YORKTOWN HEIGHTS, NY - JANUARY 13:  A general view of IBM's 'Watson' computing system at a press conference to discuss the upcoming Man V. Machine "Jeopardy!" competition at the IBM T.J. Watson Research Center on January 13, 2011 in Yorktown Heights, New York.  (Photo by Ben Hider/Getty Images)
IBM Watson and the future of artificial intelligence
05:19 - Source: CNN

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An artificial intelligence program called DeepStack beat 10 out of 11 world poker experts

This type of artificial intelligence can deal with situations that better mirror real-world decision-making

CNN  — 

Poker expert Martin Sturc may have finally met his match: a computer program called DeepStack.

“You always have to be one step ahead,” said Sturc, president of the Austrian Pokersport Association. “When I realized he was adapting his gameplan, I had to adapt.”

Using a type of artificial intelligence its creators describe as “intuition,” DeepStack widely defeated 10 out of 11 professional players from the International Federation of Poker in a game of heads-up no-limit Texas Hold ‘em. Each player played 3,000 hands against DeepStack.

Sturc was the 11th player. DeepStack won by a margin that was too small to decide the overall winner; statistically, Sturc may be the one player who is still better than DeepStack.

“It’s a huge compliment,” he said. “It feels good that there’s a small chance that I’m still at least on the same level as artificial intelligence.”

The team of computer scientists that invented DeepStack say the program mirrors real-life decision-making more than traditional AI, and it may have uses beyond the poker table.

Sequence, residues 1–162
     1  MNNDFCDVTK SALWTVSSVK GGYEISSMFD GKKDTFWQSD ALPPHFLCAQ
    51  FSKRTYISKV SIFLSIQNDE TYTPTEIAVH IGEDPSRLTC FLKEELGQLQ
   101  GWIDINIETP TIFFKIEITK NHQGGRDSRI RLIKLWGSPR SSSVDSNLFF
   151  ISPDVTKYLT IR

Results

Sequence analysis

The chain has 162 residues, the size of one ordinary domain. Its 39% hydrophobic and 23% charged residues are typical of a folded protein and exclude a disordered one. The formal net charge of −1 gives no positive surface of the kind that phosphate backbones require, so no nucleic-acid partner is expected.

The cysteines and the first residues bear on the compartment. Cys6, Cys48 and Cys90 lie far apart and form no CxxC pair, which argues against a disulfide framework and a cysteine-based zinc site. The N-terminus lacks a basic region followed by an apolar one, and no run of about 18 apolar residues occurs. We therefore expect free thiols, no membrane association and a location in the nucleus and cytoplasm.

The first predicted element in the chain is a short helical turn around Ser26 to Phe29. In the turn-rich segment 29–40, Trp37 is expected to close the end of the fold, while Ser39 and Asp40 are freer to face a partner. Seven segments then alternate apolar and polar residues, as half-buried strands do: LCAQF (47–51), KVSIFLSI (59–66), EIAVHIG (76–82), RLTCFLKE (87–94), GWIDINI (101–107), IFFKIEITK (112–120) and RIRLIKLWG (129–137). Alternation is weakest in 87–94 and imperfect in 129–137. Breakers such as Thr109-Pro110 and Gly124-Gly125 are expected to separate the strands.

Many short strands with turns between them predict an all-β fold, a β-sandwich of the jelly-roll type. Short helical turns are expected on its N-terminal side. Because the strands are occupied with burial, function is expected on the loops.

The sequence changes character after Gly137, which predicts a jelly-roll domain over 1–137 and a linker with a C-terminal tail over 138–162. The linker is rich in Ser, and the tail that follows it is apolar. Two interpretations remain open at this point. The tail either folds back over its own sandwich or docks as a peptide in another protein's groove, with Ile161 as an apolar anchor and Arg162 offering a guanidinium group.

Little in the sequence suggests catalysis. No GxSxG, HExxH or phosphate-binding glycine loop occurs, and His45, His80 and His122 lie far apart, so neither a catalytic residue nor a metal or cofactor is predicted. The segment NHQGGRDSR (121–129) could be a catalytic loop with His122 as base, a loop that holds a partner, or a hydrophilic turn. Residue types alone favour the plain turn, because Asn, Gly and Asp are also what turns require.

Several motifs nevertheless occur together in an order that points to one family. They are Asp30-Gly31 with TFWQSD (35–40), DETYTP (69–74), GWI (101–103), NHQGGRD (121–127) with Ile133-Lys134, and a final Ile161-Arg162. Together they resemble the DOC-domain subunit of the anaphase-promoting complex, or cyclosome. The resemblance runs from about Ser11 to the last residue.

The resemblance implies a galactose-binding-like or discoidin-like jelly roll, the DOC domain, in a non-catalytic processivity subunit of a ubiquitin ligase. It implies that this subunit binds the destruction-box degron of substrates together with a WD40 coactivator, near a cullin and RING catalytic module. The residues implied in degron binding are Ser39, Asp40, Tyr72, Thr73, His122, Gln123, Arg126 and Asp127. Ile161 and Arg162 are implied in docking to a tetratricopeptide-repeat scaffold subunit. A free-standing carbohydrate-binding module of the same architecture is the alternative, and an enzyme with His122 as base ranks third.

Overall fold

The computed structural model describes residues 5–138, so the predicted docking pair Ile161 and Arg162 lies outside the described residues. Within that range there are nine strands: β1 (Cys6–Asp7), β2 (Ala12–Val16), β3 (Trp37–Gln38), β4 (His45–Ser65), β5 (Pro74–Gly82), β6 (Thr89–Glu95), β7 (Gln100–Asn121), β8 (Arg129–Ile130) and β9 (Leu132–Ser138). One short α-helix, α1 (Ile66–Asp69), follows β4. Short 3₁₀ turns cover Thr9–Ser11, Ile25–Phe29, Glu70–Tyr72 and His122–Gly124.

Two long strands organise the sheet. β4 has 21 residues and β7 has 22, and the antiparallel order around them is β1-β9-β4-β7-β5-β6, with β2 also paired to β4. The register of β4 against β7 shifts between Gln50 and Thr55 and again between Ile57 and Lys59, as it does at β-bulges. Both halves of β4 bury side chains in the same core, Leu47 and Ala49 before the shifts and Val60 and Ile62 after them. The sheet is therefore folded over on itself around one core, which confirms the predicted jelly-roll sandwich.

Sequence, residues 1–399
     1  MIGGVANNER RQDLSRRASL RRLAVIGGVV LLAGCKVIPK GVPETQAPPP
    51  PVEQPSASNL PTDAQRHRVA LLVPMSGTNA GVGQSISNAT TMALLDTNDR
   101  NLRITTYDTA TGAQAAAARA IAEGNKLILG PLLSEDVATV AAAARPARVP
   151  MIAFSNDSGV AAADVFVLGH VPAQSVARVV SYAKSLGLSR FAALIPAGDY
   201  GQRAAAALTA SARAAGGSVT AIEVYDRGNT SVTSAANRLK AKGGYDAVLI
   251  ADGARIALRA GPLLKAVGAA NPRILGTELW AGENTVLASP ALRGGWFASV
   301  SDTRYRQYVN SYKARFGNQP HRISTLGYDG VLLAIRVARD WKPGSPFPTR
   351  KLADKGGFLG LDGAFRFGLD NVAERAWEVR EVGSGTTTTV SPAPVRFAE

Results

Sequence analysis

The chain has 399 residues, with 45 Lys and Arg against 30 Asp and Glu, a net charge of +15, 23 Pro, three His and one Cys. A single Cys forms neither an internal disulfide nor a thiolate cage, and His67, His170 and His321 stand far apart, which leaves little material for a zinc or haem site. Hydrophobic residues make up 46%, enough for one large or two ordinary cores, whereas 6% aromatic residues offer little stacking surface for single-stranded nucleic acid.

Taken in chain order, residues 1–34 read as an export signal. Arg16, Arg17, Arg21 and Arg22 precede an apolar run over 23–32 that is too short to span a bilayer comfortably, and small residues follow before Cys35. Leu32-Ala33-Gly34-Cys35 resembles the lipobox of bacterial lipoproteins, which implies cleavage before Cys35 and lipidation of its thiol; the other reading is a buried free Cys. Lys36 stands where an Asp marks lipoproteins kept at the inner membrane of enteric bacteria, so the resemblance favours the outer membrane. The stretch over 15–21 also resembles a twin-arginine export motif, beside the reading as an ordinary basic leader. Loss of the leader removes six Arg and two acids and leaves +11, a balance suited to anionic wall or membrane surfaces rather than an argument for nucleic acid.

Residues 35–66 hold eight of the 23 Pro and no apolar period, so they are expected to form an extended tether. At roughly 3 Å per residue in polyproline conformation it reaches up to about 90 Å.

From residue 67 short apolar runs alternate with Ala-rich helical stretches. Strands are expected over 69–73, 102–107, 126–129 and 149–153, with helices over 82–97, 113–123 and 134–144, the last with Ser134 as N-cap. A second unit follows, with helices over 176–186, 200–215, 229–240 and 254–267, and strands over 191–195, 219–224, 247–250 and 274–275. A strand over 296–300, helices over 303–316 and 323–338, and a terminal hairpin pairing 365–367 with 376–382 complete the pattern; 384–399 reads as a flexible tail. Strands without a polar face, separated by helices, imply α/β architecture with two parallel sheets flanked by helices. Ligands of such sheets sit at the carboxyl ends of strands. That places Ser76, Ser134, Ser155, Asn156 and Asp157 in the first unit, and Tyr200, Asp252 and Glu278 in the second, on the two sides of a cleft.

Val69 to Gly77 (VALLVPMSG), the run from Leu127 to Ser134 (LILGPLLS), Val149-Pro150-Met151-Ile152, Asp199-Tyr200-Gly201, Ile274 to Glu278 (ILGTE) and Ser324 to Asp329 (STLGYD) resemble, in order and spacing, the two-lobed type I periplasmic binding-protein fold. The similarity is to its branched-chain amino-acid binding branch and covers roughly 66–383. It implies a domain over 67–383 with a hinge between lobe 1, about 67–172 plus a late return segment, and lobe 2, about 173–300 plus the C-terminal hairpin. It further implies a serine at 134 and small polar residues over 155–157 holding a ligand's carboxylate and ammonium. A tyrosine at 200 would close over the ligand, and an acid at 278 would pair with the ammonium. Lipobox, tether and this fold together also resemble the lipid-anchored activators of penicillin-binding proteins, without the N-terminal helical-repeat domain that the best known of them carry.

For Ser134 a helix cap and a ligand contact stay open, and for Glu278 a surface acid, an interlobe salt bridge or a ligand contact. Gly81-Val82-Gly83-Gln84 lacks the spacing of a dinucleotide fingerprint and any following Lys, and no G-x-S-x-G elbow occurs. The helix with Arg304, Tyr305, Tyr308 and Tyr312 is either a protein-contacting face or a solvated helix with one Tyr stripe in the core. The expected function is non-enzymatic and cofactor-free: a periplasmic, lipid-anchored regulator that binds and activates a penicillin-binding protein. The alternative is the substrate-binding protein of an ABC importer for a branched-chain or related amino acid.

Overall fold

A high-tech digital world

To understand why DeepStack is so special, you have to understand the nature of the game, said Michael Bowling, one of DeepStack’s creators and the corresponding author on a paper published today in the journal Science.

Bowling said that in most AI games, such as the chess-playing Deep Blue and Google’s AlphaGo, the board has all the information you need to make a decision.

“There isn’t some knowledge in one of the other players’ heads that you wish you knew,” said Bowling, a computer science professor at the University of Alberta.

But in Texas Hold ‘em, the players can’t see each other’s cards. They all have a different view of the game. According to Bowling, this more closely mirrors the decisions we make in everyday life, which are often based on incomplete information.

“It’s actually a rare moment when we say, ‘Oh, yeah, I have all the information I need to make this decision,’ ” Bowling said.

Online poker sites have been around for years, and poker-playing AI is not necessarily new. But heads-up no-limit Texas Hold ‘em is a different game altogether. Because there are no limits on the sizes of individual bets, the number of possible decisions a player can make is astronomically high: 1 followed by 160 zeroes.

“(That’s) more than there are atoms in the universe,” Bowling said.

A common estimation for the number of atoms in the observable universe is roughly 1 followed by 80 zeroes. When poker bets are fixed – a variation called heads-up limit – the number of zeroes drops to just 14.

With so many possible choices, this version of Texas Hold ‘em would be too complex for most computer programs.

DeepStack “is different from ‘good old-fashioned AI,’ ” said Vlad Firoiu, a doctoral candidate at MIT’s Computer Science and Artificial Intelligence Laboratory, who recently developed an AI for “Super Smash Bros. Melee” that beat top players of the popular Nintendo fighting game. Firoiu was not involved in DeepStack.

Whereas traditional AI calculated all the possible outcomes of a game beforehand, that was not possible or practical for a game with so many possible choices. So Bowling and other modern gamemakers have turned to a newer type of algorithm called deep learning. The more examples they feed a computer,